Document Type


Publication Date

Spring 2023

Course Description

In a manifesto published in Le Monde in 2007, forty-four French-language writers proclaimed the end of the idea of la francophonie and the “birth of a world literature in French” whose only borders were the mind itself. We will study this manifesto and responses to it and will then read recent fiction by four of its signatories. We consider such issues as claims of universalism versus historical and geographical particularities, the relationship between “world literature” in French and in English (not to mention in other languages), the problem of monolingualism, and the role of the international literary marketplace in shaping conceptions of national and world literatures. We will also consider the additional layer that we bring to these questions as we read French-language works in English-language translations. Students will do lots of informal and formal writing, including reflective, critical, and creative pieces.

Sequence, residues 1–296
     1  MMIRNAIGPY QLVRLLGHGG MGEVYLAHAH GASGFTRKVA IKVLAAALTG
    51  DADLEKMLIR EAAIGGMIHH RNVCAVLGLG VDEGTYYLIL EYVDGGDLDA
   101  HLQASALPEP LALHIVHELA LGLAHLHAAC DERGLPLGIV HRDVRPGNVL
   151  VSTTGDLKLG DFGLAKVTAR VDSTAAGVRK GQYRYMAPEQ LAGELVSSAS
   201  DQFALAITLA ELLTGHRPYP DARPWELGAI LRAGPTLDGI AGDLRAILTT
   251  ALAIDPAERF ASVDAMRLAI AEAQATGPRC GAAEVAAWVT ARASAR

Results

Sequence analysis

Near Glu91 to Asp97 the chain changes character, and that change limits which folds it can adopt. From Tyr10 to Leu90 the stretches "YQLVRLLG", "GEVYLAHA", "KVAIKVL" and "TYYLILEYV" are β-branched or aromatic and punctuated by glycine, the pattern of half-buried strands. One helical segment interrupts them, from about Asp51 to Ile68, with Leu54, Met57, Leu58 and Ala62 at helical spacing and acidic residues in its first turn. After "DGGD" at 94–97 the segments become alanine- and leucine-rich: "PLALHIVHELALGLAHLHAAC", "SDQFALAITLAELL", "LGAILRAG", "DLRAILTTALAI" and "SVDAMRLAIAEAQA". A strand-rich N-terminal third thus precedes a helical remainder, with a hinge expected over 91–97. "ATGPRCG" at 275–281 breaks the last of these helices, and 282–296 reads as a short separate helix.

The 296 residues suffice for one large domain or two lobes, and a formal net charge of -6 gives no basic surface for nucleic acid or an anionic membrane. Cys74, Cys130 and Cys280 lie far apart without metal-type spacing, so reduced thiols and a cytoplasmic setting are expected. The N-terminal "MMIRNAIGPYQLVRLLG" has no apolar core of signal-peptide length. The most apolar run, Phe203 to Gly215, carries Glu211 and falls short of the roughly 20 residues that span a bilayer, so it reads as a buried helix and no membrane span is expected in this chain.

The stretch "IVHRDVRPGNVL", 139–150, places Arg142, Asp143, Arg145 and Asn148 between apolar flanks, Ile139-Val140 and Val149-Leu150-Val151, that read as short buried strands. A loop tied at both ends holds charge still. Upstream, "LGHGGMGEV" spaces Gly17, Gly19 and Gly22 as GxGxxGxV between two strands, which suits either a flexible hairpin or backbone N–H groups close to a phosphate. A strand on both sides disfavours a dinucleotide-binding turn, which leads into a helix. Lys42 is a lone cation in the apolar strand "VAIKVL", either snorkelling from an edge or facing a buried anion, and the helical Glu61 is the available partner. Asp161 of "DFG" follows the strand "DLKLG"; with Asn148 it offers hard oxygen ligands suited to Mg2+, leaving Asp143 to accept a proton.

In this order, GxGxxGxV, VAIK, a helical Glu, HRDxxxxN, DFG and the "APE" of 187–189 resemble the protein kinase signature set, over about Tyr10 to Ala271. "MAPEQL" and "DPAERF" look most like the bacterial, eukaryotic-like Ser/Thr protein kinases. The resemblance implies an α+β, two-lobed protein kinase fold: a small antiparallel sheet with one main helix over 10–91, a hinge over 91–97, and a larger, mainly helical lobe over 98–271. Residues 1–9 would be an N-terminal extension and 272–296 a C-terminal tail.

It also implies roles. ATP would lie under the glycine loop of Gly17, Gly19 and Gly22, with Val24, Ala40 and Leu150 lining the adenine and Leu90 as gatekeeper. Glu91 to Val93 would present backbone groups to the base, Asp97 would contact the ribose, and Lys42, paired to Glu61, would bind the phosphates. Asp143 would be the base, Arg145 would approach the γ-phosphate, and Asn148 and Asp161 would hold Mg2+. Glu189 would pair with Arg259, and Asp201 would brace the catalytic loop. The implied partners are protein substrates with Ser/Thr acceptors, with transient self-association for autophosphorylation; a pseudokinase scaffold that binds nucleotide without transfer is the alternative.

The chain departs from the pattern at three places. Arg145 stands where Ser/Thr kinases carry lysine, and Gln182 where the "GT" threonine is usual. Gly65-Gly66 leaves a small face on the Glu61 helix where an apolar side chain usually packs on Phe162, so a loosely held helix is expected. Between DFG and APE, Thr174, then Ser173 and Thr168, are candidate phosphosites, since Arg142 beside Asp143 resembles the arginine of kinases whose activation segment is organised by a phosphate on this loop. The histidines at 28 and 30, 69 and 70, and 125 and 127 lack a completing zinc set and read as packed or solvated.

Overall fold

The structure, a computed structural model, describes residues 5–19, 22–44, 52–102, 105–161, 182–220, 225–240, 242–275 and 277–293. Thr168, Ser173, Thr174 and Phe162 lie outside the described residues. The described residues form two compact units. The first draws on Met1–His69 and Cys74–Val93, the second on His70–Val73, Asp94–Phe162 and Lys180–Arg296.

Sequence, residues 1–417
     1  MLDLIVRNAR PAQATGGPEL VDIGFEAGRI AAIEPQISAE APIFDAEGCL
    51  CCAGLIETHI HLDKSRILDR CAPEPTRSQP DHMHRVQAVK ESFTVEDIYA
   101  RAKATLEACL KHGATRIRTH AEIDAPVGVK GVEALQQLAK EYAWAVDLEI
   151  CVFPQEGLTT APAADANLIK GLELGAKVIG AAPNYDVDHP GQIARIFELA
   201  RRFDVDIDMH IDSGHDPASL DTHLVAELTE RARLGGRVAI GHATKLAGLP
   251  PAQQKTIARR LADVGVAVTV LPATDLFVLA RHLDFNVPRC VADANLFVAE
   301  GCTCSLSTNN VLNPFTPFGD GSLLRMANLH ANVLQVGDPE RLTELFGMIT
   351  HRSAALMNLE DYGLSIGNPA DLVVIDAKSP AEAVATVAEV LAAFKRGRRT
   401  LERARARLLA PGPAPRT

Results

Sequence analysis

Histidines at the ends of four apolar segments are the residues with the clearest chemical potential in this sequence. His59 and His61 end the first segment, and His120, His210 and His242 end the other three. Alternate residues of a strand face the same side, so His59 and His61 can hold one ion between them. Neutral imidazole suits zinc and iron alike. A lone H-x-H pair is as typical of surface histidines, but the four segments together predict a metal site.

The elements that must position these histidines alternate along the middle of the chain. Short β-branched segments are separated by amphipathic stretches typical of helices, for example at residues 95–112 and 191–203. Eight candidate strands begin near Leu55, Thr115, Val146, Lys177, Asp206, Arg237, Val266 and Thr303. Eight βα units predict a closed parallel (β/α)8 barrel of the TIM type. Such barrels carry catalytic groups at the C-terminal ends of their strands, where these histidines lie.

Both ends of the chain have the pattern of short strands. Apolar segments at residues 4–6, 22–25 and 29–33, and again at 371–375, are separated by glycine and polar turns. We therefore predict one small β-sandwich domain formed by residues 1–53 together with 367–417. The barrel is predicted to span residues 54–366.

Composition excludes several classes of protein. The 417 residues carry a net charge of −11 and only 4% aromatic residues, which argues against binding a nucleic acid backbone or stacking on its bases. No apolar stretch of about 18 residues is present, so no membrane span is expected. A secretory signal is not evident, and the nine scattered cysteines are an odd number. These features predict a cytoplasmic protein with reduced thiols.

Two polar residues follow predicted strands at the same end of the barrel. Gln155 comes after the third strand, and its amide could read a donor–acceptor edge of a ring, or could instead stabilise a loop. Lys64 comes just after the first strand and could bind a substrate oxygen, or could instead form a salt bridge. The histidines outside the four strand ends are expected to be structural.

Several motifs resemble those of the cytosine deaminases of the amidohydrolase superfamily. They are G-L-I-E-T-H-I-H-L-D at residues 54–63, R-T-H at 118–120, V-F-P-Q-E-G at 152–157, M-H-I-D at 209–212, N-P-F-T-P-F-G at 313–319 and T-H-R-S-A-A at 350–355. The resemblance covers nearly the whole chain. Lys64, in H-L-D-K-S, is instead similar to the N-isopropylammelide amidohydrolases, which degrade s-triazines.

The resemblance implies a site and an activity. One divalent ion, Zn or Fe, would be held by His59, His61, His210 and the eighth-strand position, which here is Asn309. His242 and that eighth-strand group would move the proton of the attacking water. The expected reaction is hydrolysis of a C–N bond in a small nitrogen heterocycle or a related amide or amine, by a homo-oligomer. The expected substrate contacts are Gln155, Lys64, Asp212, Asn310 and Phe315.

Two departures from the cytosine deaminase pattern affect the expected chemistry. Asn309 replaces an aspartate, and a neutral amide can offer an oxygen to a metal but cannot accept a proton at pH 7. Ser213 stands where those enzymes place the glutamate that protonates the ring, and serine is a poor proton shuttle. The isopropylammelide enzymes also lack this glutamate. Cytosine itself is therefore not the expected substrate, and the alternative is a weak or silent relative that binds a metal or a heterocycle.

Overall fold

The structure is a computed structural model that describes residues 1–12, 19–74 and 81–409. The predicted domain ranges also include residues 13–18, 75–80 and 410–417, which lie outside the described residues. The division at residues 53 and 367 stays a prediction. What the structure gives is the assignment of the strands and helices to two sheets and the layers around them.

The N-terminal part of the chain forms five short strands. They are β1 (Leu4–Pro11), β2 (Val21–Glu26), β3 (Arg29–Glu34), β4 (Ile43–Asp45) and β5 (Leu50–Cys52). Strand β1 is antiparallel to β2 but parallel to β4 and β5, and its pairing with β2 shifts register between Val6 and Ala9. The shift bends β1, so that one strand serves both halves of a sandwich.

Student Outcomes

This course addresses many of DePauw’s learning goals. As an Arts and Humanities (AH) course, it will help you develop your ability to understand and value artistic, cultural, and scientific achievements and the limits of those achievements. As a Global Learning (GL) course, it promotes engagement with cultural difference and cultivates a critical understanding of perspectives and voices of specific people and places outside of the U.S. As a “W” course, it will help you develop the ability to express your own ideas and the ideas of others clearly and to varied audiences, especially in writing.